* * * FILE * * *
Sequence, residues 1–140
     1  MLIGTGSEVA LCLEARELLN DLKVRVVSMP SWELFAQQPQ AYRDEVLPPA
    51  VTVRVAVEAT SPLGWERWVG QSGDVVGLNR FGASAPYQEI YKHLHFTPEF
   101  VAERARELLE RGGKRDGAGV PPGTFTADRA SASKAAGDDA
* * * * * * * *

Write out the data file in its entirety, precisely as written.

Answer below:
Sequence, residues 1–140
     1  MLIGTGSEVA LCLEARELLN DLKVRVVSMP SWELFAQQPQ AYRDEVLPPA
    51  VTVRVAVEAT SPLGWERWVG QSGDVVGLNR FGASAPYQEI YKHLHFTPEF
   101  VAERARELLE RGGKRDGAGV PPGTFTADRA SASKAAGDDA